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5 Essential Aspects Of Practising Mindfulness

Written by: Scott Robinson, Executive Contributor

Executive Contributors at Brainz Magazine are handpicked and invited to contribute because of their knowledge and valuable insight within their area of expertise.

 

Mindfulness has been extremely popular for a while now. It is promoted as a solution to stress reduction, performance at work and a way of cultivating greater compassion.

gold human figure meditating on body of water.

But what exactly is mindfulness? There are many interpretations. The one that I like the most is from my mindfulness meditation teacher, Cyndi Lee.


When asked what mindfulness is, Cyndi will say, 'mindfulness is placing the mind'. When you place the mind on an object of attention, you bring that object into your awareness. By bringing that object into your awareness, you immediately come into the present moment. When you come into the present moment, an opportunity to adopt new attitudes arise; whether it be curiosity, kindness, patience etc...


5 essential aspects of mindfulness


1. Do one thing at a time

In the modern era, multi-tasking is common. However, when practising mindfulness, the object is to do just one thing at a time. The famous Zen advice is: 'When you sit, just sit. When you walk, just walk. Do not wobble.'


When you do one thing at a time, you start to feel calmer and more present. When you feel calmer and more present, you begin to appreciate things for what they are. The central idea is to understand what your central action in the situation is. Once the central action is identified, simply attend to that task.


Often you may find that it is difficult to do one thing at a time, especially if anxiety is present. In these situations, breathe into the feeling and notice what comes up. Accepting the situation is the key to moving through whatever is on your mind.


Doing one thing at a time will improve your productivity as your concentration is not disturbed. As the mind develops a laser-like focus on what it is doing, you will become more organised and efficient. As a result, that never-ending to-do list will become that much shorter.


2. Pay attention to the task at hand

When you pay attention fully to what you are doing, then your experience of that task begins to change. Even the most mundane or routine become more enjoyable. When you begin to focus on every moment, the desire to finish the task quickly ceases.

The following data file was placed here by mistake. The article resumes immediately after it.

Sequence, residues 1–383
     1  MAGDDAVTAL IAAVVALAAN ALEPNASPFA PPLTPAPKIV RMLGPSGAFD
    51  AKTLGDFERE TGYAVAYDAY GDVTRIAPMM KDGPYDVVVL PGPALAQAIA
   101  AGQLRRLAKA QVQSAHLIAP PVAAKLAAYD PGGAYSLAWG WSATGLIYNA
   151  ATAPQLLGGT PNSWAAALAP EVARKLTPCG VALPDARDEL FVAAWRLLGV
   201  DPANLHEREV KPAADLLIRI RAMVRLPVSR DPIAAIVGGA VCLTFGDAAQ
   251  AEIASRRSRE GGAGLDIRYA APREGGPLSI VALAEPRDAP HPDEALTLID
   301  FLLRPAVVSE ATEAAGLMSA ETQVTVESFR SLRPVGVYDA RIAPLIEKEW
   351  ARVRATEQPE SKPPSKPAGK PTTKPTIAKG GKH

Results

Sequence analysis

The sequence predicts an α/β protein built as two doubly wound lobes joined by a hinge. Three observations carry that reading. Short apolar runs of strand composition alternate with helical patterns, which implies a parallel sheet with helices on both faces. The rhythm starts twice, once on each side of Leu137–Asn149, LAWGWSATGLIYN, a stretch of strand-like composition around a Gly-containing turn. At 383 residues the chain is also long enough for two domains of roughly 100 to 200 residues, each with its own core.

As an example, take cleaning the dishes. Most people would see that task as arduous or boring. Yet, if you focus on every moment whilst cleaning the dishes, you become fully present. You may even enjoy the experience, especially observing the shiny, clean dishes after they has been cleaned.


On the other hand, as soon as you begin to rush through cleaning the dishes, you are no longer present. You have become a 'victim of time'.


Furthermore, by being fully present and paying careful attention to what you are doing, you will begin to appreciate things more. You will also begin to have a sense of agency. Knowing that you have control over some things in your life can help bring stability. It will also assist with letting go of things that you have no control over. This helps bring greater peace of mind.


3. When the mind wanders, start again

The essence of mindfulness is very simple. Place the mind on its object of attention. Whenever the mind wanders, notice that it has wandered. Then, bring the mind back to its chosen object of attention. In this context, when you practise mindfulness as a meditation, it is about 'consciously' placing the mind.

When you notice that the mind has wandered, then you have a choice. You can either continue with that distraction or thought. Or you can simply choose to pause and start again. Practising mindfulness then brings back a sense of agency or control into your life.


4. Be kind to yourself

The nature of mindfulness is to come back into the present moment. So, there is a need to come back 'from something'. That 'something' is a necessary part of the practice. It simply does not matter how many times you bring your mind back. So when the mind wanders, particularly when the mind is active, be kind to yourself. Just notice that the mind is very busy and acknowledge your inherent human nature.


5. 'Touch into your object'

As you practise mindfulness, begin to sense and feel whatever is in your awareness. 'Touch into your object' and notice the clarity of mind, even for a small fraction of time. Investigate the feeling through whatever sense is predominant, whether it be auditory, visual, kinesthetic, tactile, or gustatory. Feel yourself dropping into that moment as if nothing mattered in the world ‒ everything else is a mere projection of mind. Ground yourself in that feeling and come back to it during the rest of the day when you begin to feel off-centred.


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Scott Robinson, Executive Contributor Brainz Magazine

Scott Robinson is a Finance Professional and Yoga Teacher. He is also the founder of Yogibanker ‒ a specialised yoga & wellbeing service for the financial services industry. He helped found 'dbYoga' at Deutsche Bank, one of the world's leading financial services companies as well as leading regular mindfulness sessions under the brand of 'Mindfulness Mondays'. Over the years, Scott has helped hundreds of finance professionals become stronger, more flexible and less stressed through yoga & mindfulness. Scott's passion is to bring yoga & wellbeing to the financial services industry ‒ one that is kinder, more sustainable with wellbeing at its core.


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